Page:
The terms of peace having been read, Elepoo the senior commissioner paused, expecting something more, and at length said "is that all?" Mr. Morrison enquired of Lieutenant-colonel Malcolm if there was anything else, and being answered in the negative, Elepoo immediately and with great tact closed the negotiation by saying, "all shall be granted—it is settled—it is finished."[3]

The Qing government agreed to make Hong Kong Island a crown colony, ceding it to the British Queen "in perpetuity" (, Cháng yuǎn, in the Chinese version of the treaty), to provide British traders with a harbour where they could unload their goods (Article III). Pottinger was later appointed the first governor of Hong Kong.

In 1860, the colony was extended with the Kowloon peninsula and in 1898, the Second Convention of Peking further expanded the colony with the 99-year lease of the New Territories. In 1984, the governments of the United Kingdom and the People's Republic of China (PRC) concluded the Sino-British Joint Declaration on the Question of Hong Kong, under which the sovereignty of the leased territories, together with Hong Kong Island and Kowloon (south of Boundary Street) ceded under the Convention of Peking (1860), was transferred to the PRC on 1 July 1997.

Aftermath and legacy[edit]

Because of the brevity of the Treaty of Nanking and its terms being phrased only as general stipulations, the British and Chinese representatives agreed that a supplementary treaty should be concluded to establish more detailed regulations for relations. On 3 October 1843, the parties concluded the supplementary Treaty of the Bogue at Bocca Tigris outside Canton.

Nevertheless, the treaties of 1842–43 left several unsettled issues. In particular they did not resolve the status of the opium trade. Although the American treaty of 1844 explicitly banned Americans from selling opium, the trade continued as both the British and American merchants were only subject to the legal control of their consuls. The opium trade was later legalised in the Treaties of Tianjin, which China concluded after the Second Opium War.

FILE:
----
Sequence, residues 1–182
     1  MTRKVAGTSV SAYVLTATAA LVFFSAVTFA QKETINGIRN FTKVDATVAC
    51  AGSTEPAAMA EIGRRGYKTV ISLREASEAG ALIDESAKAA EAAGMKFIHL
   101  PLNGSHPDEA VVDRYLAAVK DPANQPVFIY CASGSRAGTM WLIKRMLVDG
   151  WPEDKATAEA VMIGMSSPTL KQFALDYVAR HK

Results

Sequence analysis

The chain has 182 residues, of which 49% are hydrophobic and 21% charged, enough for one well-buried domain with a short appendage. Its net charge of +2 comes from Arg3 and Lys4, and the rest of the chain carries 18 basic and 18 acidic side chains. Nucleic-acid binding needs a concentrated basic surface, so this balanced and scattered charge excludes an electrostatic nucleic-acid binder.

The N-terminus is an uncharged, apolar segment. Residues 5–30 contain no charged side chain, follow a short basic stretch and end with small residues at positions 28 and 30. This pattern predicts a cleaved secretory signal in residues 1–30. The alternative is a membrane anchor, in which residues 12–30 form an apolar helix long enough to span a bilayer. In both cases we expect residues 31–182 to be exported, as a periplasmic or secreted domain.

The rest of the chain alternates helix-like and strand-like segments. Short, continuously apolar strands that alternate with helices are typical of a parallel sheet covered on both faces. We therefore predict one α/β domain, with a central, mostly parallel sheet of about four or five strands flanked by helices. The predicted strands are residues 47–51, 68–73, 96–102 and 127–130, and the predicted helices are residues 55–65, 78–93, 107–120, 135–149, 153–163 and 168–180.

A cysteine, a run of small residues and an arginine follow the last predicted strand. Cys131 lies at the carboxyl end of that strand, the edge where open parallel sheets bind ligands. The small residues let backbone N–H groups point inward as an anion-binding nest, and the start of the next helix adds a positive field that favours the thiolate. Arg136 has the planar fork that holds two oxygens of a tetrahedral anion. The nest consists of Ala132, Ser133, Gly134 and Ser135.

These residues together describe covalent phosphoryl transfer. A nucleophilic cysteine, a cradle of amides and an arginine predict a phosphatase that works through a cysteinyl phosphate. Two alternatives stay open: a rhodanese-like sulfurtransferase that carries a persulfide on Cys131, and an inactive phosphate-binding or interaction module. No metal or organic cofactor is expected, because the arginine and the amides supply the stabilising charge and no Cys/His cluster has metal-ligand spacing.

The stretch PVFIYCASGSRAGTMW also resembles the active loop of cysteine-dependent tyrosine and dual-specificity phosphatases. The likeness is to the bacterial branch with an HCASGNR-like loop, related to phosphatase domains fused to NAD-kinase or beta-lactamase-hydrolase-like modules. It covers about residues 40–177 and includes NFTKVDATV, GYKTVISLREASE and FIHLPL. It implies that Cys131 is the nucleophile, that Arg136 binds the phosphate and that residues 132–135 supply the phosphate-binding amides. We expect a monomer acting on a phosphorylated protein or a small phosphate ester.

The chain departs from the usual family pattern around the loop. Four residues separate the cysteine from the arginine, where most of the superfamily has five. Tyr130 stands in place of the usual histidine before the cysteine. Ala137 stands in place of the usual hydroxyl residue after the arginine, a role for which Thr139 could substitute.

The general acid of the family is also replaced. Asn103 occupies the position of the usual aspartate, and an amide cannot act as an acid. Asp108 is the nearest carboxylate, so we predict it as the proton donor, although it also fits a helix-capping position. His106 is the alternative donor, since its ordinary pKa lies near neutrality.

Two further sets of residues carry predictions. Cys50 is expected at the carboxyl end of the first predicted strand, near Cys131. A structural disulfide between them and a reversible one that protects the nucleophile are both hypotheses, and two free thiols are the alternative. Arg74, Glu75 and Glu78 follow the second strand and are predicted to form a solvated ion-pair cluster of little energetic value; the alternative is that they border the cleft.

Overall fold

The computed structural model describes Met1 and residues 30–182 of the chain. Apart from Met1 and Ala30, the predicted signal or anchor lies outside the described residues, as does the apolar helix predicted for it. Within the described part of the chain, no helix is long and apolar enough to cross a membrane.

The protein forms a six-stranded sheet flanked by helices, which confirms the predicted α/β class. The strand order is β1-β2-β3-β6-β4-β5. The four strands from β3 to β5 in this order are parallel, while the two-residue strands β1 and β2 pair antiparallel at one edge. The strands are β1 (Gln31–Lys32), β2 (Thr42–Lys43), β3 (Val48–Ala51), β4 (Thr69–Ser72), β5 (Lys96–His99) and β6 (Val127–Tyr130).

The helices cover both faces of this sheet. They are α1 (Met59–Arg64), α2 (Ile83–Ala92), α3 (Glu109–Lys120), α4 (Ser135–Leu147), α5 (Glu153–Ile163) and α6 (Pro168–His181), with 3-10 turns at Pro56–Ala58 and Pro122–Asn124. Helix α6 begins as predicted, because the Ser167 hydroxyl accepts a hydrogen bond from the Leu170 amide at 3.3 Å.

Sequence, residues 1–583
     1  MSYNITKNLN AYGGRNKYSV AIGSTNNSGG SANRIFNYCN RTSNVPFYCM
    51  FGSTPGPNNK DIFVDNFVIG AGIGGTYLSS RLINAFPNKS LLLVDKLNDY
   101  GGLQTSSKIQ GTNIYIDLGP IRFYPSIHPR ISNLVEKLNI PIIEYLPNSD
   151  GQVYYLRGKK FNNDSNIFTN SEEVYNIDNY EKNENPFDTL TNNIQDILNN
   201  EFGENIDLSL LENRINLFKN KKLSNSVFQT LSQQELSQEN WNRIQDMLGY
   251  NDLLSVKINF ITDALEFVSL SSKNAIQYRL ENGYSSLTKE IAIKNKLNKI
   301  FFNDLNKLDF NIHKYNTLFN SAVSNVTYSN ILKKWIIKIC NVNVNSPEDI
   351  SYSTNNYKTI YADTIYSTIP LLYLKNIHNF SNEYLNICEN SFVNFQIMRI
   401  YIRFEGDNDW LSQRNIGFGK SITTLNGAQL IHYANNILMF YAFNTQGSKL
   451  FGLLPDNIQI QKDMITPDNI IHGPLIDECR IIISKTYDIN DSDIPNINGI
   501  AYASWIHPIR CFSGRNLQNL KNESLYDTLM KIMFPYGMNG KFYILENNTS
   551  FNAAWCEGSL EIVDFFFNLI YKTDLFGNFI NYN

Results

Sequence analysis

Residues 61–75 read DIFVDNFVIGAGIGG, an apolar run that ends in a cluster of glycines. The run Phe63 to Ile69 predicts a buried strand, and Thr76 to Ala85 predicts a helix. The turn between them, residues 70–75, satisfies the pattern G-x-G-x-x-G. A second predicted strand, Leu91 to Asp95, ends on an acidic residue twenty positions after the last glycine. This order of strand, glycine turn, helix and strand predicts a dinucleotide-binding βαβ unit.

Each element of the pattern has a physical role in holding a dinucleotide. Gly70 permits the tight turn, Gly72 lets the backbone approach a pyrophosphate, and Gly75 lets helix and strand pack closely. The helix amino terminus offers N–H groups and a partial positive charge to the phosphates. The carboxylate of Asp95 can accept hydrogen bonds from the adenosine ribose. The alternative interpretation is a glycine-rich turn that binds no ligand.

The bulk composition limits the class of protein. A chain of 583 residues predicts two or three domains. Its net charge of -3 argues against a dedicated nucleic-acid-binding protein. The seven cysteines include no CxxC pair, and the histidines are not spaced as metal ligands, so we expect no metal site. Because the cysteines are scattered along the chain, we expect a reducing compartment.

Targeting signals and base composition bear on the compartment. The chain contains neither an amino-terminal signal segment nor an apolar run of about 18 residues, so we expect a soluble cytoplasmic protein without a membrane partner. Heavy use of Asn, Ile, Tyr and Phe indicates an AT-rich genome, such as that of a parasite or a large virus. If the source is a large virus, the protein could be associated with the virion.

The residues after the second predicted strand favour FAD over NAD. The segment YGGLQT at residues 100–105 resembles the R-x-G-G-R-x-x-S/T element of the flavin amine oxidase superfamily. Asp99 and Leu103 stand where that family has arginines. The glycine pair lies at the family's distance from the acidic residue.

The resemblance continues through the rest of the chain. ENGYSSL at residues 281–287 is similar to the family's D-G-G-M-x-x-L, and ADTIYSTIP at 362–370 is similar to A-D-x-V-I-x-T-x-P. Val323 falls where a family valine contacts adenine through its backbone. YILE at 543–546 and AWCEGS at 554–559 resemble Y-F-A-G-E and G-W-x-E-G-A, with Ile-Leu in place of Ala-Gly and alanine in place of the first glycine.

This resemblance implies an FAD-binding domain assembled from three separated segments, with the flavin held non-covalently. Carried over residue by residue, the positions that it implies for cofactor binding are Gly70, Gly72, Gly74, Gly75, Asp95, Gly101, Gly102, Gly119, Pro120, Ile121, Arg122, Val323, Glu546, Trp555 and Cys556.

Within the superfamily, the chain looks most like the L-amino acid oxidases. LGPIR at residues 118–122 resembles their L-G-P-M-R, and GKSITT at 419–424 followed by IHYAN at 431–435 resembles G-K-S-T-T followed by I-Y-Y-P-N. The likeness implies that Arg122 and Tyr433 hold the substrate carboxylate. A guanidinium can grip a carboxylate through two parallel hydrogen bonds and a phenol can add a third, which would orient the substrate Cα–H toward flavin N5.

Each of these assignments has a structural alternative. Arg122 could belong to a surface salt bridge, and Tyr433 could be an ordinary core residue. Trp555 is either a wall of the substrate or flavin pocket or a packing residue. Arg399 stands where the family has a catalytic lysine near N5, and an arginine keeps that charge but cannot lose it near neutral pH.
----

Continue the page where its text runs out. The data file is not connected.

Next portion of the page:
The Nanking Treaty ended the old Canton System and created a new framework for China's foreign relations and overseas trade which would last for almost a hundred years. From the Chinese perspective, the most injurious terms were the fixed trade tariff, extraterritoriality, and the most favoured nation provisions. These were conceded partly out of expediency and partly because Qing officials did not yet know of international law or understand the long term consequences. The tariff fixed at 5% was higher than before, the concept of extraterritoriality seemed to put the burden on foreigners to police themselves, and most favoured nation treatment appeared to set the foreigners one against the others. Although China regained tariff autonomy in the 1920s, extraterritoriality was not formally abolished until 1943.[4]

See also[edit]

Notes[edit]

  1. ^ Hoe, Susanna; Roebuck, Derek (1999). The Taking of Hong Kong: Charles and Clara Elliot in China Waters. Routledge. p. 203. ISBN 0-7007-1145-7.
  2. ^ John Darwin, 'After Tamerlane: The Global History of Empire', p.431. (London: Allen Lane, 2007)
  3. ^ a b Martin, Robert Montgomery (1847). China: Political, Commercial, and Social; In an Official Report to Her Majesty's Government. Volume 2. James Madden. p. 84.
  4. ^ Hsu, The Rise of Modern China: 190-92.

References[edit]

  • Fairbank, John King. Trade and Diplomacy on the China Coast: The Opening of the Treaty Ports, 1842-1854. 2 vols. Cambridge, MA: Harvard University Press, 1953.
  • Têng Ssu-yü. Chang Hsi and the Treaty of Nanking, 1842. Chicago: University of Chicago Press, 1944.
  • R. Derek Wood, 'The Treaty of Nanking: Form and the Foreign Office, 1842-1843', Journal of Imperial and Commonwealth History (London) 24 (May 1996), 181-196.

External links[edit]